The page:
A year ago on May 25, George Floyd was killed outside of Cup Foods in Minneapolis by former police officer Derek Chauvin, who is found guilty on all three counts of murder. Floyd’s death called for multiple protests in Atlanta, Los Angeles, New York, and many other cities across the country, crying out “I can’t breath”, the last words of Floyd.
Floyd’s death along with many other deaths of African American males at the hands of police called for a change in the police department around the country.
ABC 7 report, President Joe Biden wanted a push to create new nation policing standards. He wanted to make this effective by the first anniversary of George Floyd’s death, but as of today those changes have not been met.
The George Floyd Justice In Policing Act was introduced on June 8, 2020, and passed the house on June 25, 2020. This bill addresses a wide range of policies and issues regarding policing practices and law enforcement accountability. It increases accountability for law enforcement misconduct, restricts the use of certain policing practices, enhances transparency and data collection, and establishes best practices and training requirements. but the senate is still negotiating these policies. For more information on this Act, visit https://www.congress.gov/bill/116th-congress/house-bill/7120.
“We’re making good progress, hopeful progress, but we still have some work, a lot of work to do”, said Senator Cory Booker of New Jersey.
U.S. Senators Booker, Tim Scott of South Carolina, and Representative Karen Bass of California came to an understanding stating, “One year ago, George Floyd’s murder awakened millions of people around the world who had never before witnessed the deadly consequences of the failures in our policing system. This anniversary serves as a painful reminder of why we must make meaningful change. While we are still working through our differences on key issues, we continue to make progress toward a compromise and remain optimistic about the prospects of achieving that goal.”
Those key issues include: 1) determining the standard for charging police officers with crimes and 2) changing the policy of “qualified immunity” so police officers can be sued in civil court.
According to the House Committee on the Judiciary, while there is no single policy prescription that will erase the decades of systemic racism and excessive policing, The George Floyd Justice in Policing Act is a comprehensive approach to hold police accountable, change the culture of law enforcement, empower our communities, and build trust between law enforcement and the community to help save lives.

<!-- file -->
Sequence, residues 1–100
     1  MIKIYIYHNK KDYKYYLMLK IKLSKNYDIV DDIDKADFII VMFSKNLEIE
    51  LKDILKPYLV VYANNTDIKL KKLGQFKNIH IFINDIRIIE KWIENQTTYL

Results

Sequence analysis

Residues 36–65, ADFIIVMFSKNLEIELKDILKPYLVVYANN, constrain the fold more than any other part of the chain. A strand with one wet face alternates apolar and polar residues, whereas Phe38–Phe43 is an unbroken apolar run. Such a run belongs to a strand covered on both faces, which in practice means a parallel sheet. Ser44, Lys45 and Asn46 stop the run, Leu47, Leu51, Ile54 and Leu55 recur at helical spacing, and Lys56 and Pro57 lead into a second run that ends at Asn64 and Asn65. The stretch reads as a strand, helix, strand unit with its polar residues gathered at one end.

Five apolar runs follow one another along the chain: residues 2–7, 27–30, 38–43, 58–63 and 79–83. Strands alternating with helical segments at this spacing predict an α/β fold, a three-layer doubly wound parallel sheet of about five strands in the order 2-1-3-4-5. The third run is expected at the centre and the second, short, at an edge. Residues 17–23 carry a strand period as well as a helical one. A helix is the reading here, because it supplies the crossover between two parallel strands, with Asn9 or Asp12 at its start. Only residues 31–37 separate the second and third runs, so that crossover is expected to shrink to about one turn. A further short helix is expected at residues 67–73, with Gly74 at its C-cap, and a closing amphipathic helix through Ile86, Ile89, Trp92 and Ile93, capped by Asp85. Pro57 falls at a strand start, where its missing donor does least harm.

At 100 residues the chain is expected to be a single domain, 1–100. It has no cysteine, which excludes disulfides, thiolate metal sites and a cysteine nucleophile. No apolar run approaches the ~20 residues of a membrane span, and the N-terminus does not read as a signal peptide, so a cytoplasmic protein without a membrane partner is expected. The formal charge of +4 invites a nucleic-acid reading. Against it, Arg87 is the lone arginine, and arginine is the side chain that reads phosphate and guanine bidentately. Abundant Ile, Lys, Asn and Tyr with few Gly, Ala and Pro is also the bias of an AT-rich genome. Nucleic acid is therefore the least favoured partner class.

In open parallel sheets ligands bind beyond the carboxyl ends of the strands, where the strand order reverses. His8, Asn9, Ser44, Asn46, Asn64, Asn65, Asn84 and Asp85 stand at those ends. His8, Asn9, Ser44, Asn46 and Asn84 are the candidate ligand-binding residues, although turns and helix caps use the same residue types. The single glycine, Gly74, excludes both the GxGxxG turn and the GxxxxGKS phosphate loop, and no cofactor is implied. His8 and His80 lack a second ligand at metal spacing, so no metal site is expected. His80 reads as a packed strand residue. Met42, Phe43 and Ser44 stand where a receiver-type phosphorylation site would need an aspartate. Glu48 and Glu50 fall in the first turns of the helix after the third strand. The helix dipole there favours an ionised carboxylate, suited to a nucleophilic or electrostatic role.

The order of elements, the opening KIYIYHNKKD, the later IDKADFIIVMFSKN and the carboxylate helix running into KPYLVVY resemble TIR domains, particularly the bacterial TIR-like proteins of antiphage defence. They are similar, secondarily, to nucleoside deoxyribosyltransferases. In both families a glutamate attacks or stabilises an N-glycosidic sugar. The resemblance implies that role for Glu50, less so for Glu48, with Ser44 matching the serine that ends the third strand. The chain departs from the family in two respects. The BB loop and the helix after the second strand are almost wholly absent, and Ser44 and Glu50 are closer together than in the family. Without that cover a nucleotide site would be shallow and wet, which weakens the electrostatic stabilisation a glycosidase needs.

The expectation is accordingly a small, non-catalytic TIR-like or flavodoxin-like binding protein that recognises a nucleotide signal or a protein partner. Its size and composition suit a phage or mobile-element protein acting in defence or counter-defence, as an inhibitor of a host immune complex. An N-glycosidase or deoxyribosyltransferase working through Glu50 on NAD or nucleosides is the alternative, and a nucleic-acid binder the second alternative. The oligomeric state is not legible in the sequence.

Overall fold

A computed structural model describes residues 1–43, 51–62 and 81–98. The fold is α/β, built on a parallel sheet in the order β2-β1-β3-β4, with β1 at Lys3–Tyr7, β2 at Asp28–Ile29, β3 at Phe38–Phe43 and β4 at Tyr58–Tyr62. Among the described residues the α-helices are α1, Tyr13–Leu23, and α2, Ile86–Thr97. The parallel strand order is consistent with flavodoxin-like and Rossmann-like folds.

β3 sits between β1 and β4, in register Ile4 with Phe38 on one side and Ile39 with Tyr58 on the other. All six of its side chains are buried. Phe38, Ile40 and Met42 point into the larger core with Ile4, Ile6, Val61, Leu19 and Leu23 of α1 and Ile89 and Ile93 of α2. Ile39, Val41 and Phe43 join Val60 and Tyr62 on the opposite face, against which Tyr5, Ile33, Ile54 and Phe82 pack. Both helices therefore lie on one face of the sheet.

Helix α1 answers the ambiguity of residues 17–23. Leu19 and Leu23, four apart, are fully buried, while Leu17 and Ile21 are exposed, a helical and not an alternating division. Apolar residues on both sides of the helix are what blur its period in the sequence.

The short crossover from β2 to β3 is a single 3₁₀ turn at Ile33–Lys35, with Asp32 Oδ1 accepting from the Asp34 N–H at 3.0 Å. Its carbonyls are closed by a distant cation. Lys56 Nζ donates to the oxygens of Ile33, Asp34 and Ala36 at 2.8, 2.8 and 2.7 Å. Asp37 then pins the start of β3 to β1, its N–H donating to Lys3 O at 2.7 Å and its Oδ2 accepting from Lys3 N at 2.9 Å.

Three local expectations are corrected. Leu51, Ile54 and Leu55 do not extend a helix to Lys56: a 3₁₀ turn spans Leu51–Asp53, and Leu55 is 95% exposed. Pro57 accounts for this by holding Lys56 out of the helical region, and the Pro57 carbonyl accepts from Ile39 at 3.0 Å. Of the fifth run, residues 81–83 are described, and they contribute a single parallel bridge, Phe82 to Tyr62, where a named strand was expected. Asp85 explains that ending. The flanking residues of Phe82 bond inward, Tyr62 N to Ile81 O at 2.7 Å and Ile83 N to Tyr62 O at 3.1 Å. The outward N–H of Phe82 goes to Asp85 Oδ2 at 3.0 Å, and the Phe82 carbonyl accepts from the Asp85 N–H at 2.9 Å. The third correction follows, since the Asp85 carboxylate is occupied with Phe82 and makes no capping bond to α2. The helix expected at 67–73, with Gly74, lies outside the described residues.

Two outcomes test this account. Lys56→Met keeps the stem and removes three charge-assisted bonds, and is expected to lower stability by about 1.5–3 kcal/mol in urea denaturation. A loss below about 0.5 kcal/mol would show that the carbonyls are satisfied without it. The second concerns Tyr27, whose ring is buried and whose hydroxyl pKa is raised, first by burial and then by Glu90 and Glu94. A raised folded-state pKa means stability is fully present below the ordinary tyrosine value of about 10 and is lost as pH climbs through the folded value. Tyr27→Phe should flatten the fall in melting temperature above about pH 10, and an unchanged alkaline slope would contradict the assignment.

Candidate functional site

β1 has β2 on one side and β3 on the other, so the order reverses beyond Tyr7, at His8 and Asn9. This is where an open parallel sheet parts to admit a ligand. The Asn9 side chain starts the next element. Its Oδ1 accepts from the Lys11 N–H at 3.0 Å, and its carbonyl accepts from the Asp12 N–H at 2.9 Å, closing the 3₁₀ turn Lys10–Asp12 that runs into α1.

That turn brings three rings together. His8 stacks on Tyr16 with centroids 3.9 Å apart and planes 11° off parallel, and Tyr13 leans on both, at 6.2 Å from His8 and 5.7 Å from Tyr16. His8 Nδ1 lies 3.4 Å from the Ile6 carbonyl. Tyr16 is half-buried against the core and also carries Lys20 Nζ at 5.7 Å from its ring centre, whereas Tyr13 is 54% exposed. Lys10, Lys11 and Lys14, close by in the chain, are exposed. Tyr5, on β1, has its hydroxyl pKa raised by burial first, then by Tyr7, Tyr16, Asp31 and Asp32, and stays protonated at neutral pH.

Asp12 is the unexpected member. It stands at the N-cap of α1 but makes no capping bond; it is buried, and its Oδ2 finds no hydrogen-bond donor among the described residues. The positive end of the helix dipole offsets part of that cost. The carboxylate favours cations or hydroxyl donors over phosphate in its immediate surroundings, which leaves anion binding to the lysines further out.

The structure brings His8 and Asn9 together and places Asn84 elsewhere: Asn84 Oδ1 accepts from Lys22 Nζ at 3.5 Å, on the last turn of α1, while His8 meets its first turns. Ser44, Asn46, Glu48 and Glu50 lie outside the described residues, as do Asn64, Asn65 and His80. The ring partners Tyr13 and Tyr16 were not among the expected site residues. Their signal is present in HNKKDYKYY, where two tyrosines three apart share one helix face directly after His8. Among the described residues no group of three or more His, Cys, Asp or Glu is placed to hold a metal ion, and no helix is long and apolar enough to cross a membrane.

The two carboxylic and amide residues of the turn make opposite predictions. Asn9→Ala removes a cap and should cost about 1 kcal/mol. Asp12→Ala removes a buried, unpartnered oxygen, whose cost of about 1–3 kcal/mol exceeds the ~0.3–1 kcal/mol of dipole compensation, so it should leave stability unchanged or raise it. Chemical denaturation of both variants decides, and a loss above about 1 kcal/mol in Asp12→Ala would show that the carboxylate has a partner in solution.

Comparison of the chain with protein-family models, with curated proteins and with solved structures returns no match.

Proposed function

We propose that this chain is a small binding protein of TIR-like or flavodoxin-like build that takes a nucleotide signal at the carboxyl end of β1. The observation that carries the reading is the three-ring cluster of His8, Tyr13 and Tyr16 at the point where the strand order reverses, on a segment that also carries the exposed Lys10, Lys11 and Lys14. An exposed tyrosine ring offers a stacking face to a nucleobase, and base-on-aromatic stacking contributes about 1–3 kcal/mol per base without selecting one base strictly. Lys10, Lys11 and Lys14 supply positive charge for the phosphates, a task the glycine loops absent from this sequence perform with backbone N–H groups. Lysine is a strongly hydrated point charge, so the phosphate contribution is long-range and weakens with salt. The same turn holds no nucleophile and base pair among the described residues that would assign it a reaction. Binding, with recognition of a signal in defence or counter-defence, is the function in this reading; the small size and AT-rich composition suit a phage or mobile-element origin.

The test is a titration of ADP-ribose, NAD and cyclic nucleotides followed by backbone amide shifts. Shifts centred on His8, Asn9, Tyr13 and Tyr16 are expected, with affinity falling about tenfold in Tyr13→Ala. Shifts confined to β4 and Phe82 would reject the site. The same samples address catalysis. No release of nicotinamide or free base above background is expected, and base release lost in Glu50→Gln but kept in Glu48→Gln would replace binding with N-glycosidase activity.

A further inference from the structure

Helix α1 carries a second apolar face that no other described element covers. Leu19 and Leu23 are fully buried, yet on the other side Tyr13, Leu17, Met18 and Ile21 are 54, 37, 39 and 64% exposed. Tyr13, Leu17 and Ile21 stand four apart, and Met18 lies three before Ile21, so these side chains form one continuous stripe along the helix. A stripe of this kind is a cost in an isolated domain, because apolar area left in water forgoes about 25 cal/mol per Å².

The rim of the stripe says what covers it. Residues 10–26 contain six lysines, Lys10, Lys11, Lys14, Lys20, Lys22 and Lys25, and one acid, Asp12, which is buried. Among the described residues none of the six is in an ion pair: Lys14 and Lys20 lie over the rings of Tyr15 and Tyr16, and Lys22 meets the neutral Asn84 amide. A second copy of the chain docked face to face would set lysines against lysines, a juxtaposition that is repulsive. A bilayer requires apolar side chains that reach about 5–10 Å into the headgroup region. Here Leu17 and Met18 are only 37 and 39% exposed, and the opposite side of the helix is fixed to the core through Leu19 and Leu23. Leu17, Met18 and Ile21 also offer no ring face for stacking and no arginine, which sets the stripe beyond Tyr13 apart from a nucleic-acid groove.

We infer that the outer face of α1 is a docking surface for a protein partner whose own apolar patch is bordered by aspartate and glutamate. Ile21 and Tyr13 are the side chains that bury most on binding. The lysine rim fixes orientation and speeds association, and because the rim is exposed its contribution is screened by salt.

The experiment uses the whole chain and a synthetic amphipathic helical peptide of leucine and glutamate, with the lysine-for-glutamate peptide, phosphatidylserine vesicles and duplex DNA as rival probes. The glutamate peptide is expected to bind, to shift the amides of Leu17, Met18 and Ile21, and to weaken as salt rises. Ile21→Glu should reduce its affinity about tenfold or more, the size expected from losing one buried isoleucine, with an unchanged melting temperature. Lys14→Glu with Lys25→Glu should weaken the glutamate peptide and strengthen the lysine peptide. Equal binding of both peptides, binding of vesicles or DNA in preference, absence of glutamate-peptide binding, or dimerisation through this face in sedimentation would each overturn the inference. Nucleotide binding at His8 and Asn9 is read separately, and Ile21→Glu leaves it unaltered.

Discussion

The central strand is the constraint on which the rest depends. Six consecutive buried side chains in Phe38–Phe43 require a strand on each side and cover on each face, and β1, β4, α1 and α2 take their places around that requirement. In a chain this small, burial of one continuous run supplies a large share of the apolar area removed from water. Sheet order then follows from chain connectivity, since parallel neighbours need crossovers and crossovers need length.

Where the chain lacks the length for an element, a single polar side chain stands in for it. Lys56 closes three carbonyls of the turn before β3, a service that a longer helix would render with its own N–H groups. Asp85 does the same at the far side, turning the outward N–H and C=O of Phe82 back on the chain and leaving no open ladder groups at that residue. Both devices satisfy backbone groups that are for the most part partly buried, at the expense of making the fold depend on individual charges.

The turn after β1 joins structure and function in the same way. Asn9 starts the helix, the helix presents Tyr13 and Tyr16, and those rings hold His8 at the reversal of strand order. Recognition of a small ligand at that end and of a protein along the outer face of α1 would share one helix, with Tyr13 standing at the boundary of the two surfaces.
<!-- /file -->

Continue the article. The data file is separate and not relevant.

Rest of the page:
This makes it easier for communities to put their trust back in police to successfully do their job, to serve and protect, and allows police departments to create new training protocols and tactics to follow when situations call for the use of force.
Although the Democrats say it’s about accountability, the republicans worry about eliminating protections that can disincentivize police, cause others not to join the force, or those who are on the force to retire.
CNN reported, more than 70 officers have left the force since the attack on the U.S. Capitol on January 6. Forbes reported, in Louisville, Kentucky the police department has seen a more than 20% decrease in law enforcement, with nearly 190 cops retiring or resigning since 2020. New York has seen about a 15% decrease in law enforcement, and The Seattle Police Department has said that more than 200 officers left their jobs since last year, according to an article posted on AP News. However, the Democrats and Republicans say they are optimistic and closer to a deal.
ABC 7 News has been tracking police reform efforts across the area over the past year. Last month the Maryland General Assembly voted over Maryland Governor Larry Hogan’s veto of several reform initiatives along with repealing the law enforcement officers bill of rights and repealing what has been described as the toughest use of force standards in the nation.
The DC police reform commission recently issued its final report with 90 recommendations and improving policing in the District of Columbia to ensure public safety.
Richmond, Virginia lawmakers also passed police reform measures including a ban on no-knock warrants, limit the use of neck restraints, and officers are now required to intervene when they see excessive force on the part of a colleague. It was also reported on ABC 8 News, Richmond, VA recommends social service providers handle mental health incidents rather than officers.